“Secondly, with everyone talking about the possibility of AI and the potential powers it can bring, then there might also be an incentive to show the rest of the world that they are advanced in some technologies that we are still to master.

Even though, depending on who you ask, what they claim is largely science fiction or just plain ridiculous.”China has history when it came to making grandiose and outlandish claims about its own capabilities, Mr Lawaetz Halvorsen stressed.

He said: “The desire to be seen as being capable can provide a state with a huge amount of influence through their perceived power.

“However, when it comes to technological capabilities, states often adopt a narrative that is designed to impress or intimidate a non-tech target audience, such as politicians or civilians, leaving their claims vulnerable to interrogation by those who are technically inclined.

“China is no different from the historical precedent, also engaging braggadocious chest puffing. But due to China’s current position as an adversary to the West, we’re often the intended targets of power propaganda.”

In terms of the frequency of its bragging, China was often seen as “one of the most prominent on the international stage”, he estimated, possibly as a result its international isolation and authoritarian regime.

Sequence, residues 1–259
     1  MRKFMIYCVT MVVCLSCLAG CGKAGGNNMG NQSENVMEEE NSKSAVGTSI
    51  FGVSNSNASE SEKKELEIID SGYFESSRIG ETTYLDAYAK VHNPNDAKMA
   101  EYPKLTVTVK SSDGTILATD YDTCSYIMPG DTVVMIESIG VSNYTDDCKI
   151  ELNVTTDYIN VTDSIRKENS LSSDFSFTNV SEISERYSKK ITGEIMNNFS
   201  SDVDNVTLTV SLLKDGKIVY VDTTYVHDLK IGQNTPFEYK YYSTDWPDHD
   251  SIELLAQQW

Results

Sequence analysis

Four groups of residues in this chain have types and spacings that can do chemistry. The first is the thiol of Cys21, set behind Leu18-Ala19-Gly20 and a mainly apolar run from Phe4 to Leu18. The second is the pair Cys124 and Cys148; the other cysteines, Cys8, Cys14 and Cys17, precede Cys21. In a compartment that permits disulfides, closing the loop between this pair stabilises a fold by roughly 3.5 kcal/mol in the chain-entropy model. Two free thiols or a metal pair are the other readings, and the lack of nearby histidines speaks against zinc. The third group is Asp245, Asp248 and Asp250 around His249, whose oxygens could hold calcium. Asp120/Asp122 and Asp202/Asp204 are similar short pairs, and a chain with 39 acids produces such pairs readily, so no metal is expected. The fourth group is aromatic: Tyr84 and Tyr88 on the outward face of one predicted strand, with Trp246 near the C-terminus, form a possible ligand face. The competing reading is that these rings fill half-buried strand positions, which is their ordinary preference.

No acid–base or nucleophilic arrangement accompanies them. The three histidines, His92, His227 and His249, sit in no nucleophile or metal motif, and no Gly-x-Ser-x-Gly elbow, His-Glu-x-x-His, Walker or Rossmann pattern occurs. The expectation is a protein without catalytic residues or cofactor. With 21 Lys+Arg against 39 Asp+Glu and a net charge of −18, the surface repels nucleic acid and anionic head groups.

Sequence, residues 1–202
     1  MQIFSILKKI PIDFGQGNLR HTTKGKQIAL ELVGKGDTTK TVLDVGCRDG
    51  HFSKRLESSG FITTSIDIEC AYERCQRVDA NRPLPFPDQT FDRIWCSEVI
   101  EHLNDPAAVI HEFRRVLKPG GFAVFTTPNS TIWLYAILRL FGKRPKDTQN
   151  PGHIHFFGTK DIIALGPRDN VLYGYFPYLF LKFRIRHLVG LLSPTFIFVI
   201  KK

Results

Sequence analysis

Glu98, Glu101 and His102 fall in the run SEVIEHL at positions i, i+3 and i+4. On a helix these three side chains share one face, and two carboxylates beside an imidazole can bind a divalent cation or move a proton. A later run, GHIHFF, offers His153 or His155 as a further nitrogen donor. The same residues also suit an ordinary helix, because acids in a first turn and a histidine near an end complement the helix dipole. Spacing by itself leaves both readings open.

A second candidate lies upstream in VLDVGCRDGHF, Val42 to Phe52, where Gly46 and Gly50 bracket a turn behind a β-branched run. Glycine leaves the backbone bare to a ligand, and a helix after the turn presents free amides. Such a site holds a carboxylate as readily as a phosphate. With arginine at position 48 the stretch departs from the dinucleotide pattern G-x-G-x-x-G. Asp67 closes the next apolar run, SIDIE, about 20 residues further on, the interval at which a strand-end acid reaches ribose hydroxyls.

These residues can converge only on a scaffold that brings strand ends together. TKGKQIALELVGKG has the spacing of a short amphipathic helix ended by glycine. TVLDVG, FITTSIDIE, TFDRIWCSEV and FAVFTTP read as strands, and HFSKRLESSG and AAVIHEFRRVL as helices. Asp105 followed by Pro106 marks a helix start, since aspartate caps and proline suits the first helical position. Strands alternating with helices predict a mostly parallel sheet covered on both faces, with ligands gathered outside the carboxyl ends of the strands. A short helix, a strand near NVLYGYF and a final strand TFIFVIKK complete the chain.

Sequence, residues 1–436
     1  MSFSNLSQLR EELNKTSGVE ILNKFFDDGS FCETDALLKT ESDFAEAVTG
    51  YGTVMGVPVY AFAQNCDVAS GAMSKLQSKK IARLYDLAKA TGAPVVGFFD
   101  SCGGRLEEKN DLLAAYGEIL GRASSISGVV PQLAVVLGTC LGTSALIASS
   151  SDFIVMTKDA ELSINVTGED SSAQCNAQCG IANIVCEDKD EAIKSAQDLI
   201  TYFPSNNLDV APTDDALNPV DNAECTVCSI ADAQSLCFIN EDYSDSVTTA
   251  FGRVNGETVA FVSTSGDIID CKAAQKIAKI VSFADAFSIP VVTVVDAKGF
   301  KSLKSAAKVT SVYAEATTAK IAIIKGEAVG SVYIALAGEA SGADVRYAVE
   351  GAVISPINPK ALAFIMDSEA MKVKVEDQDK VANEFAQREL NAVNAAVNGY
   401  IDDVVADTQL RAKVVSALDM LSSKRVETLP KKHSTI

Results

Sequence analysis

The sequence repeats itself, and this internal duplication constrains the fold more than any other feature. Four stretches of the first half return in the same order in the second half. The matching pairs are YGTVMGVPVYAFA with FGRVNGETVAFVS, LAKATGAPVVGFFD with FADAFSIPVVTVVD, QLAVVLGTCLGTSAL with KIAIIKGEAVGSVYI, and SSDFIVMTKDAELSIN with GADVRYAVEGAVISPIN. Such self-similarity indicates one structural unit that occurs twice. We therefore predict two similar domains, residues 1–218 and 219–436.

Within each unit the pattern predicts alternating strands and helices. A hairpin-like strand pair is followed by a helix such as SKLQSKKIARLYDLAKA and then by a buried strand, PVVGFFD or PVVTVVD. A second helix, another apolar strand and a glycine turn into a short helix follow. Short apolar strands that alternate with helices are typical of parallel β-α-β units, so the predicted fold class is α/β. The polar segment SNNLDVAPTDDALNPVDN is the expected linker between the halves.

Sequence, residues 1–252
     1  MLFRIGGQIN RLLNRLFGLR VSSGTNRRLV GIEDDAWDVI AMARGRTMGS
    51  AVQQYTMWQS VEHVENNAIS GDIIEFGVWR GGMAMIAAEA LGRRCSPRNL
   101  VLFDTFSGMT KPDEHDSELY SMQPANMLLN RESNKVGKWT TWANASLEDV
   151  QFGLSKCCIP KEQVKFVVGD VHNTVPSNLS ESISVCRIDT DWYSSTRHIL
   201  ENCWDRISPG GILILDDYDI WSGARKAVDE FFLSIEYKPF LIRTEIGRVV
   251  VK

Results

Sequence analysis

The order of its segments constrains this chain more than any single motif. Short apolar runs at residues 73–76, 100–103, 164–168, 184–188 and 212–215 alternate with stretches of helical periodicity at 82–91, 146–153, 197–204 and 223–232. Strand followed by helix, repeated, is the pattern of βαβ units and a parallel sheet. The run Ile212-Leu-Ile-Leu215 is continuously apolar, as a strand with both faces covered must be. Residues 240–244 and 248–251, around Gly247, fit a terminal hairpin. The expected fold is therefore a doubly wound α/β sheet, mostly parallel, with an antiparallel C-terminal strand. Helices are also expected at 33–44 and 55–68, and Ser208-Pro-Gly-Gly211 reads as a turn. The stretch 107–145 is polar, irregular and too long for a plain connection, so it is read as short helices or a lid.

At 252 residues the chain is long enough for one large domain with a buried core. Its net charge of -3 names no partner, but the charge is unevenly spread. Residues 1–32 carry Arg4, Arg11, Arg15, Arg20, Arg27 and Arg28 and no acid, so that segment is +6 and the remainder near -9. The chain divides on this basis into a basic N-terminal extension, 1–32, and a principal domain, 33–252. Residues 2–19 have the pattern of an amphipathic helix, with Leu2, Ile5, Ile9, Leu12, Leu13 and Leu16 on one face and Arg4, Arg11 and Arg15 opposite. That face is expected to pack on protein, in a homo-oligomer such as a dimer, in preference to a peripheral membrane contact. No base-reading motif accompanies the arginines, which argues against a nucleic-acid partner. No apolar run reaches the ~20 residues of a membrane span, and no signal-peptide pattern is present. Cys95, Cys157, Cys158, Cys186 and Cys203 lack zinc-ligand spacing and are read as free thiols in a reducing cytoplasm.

Consequently, it was pretty obvious that China would seek to use mind control techniques if at all possible to keep its people in line, Mr Lawaetz Halvorsen claimed.

He said: “It reminds me of 1984, the rather horrifying novel by George Orwell. A state that thinks it knows better than its citizen, a state that has rules ‘for the best of the people’, a state that has secret organisations and programs that aims to identify and change the mind of people who think differently, and a state that utilise any tool in its arsenal to fight the free will of the people, one which seems to always be a losing battle in the end.”

In an article uploaded to the web on July 1, the institute revealed that it had persuaded 43 CCP party members on the research team to take “party lessons” while being monitored with artificial intelligence.

The report explained: “On one hand, it can judge how party members have accepted thought and political education.

“On the other hand, it will provide real data for thought and political education so it can be improved and enriched.”

Mysteriously, however, the article disappeared from the internet shortly after being uploaded.